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I am learning about the properties of the Fourier Series (FS), which is defined by:

$$x(t) = \sum_{k=-\infty}^{\infty}c_{x}[k]e^{j2\pi kt/T}\tag{1}$$

where $$c_{x}[k] = \frac{1}{T}\int_{T}x(t)e^{-j2\pi kt/T}\,dt.\tag{2}$$

One of the properties of FS is the time integration property, which is that:

$$\int_{-\infty}^{t}x(\tau)\,d\tau \overset{\mathscr{FS}}{\underset{T}\longleftrightarrow}\frac{c_{x}[k]}{j2\pi k/T},\quad k\neq 0 \ \text{ if }\ c_{x}[0] = 0 \tag{3}. $$ To prove this property, I integrated $(1)$ from $-\infty$ to $t$ in terms of $\tau$. However, when I am evaluating the indefinite integral, I need to find the value of $e^{\frac{j2\pi k(-\infty)}{T}}$.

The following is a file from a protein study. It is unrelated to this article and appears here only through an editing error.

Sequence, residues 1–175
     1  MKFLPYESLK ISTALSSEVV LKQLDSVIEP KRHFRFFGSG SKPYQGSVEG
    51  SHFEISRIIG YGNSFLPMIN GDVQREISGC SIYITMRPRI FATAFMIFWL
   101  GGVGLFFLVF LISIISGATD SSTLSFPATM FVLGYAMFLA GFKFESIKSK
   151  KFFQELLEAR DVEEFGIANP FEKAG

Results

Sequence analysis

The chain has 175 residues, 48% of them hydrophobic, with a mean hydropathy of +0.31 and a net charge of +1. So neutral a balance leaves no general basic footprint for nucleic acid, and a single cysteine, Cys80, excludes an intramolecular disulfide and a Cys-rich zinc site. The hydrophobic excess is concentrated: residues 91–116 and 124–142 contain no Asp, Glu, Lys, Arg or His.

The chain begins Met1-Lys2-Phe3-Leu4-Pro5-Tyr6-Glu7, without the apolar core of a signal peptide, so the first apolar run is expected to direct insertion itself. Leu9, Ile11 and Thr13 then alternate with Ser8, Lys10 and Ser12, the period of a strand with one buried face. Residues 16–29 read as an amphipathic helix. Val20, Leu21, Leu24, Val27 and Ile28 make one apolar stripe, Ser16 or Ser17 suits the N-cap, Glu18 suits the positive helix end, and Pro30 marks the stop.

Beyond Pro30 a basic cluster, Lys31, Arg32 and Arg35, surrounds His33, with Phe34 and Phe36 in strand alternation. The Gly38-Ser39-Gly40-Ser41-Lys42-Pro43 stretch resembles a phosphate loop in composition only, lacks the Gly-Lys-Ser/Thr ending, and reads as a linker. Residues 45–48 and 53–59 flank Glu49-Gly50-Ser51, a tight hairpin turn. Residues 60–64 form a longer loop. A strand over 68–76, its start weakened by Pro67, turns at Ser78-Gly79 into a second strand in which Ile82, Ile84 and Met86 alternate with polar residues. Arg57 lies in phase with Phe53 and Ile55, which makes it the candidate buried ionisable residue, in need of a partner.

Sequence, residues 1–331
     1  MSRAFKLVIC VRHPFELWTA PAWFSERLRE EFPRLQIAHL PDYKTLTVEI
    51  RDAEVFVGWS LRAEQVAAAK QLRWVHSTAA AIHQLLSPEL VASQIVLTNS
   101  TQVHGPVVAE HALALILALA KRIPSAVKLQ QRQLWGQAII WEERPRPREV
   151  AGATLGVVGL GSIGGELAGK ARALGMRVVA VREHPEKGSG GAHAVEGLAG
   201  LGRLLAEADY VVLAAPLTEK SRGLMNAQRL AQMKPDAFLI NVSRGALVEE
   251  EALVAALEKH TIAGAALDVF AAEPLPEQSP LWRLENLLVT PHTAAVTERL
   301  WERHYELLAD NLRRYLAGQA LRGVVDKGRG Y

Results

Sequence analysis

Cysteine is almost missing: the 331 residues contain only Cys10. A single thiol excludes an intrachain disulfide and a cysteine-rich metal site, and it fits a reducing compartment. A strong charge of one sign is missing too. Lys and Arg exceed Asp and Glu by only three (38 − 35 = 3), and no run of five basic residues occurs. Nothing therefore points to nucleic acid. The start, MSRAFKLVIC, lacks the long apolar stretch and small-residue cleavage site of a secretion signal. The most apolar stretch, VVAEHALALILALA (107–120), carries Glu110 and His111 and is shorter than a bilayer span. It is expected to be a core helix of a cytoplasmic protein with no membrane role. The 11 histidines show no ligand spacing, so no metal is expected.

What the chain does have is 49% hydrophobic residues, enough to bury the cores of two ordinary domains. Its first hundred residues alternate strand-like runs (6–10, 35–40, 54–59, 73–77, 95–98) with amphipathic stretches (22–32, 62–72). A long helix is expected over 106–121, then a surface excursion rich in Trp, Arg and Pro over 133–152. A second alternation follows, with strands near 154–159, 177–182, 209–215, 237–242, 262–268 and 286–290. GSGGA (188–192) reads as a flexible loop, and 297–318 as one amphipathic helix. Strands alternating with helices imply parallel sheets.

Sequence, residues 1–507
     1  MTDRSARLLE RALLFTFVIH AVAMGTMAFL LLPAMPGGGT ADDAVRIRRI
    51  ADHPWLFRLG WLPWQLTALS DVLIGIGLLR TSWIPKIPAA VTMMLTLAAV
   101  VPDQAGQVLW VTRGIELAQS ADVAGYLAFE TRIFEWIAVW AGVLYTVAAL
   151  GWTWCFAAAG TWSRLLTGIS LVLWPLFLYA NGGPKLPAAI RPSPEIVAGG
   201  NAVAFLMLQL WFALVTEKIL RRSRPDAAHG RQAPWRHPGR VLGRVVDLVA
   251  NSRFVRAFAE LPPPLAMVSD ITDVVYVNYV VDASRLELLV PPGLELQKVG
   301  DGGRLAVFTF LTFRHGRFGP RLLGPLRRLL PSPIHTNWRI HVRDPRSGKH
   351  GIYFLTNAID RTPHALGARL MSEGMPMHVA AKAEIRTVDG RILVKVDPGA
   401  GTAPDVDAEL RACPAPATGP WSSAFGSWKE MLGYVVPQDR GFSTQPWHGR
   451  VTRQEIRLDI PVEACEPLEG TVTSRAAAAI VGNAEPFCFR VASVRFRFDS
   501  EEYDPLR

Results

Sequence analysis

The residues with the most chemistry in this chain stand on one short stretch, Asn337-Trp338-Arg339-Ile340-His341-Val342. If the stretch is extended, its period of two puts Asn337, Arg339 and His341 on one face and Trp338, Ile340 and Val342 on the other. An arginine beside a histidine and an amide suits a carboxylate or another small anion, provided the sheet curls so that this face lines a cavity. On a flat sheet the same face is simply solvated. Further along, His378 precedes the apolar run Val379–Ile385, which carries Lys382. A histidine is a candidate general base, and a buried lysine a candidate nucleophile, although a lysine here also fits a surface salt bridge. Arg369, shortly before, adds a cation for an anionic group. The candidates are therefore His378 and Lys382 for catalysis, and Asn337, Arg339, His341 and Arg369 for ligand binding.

I almost jumped to the conclusion that an exponential raised to $-\infty$ must be $0$, which is what the proof requires in order for the property to hold true. However, $k$ can be negative, and, more importantly, a complex exponential is periodic, so I don't know how to evaluate it at $-\infty$.

I would like some insight into why we can treat this evaluation as zero.

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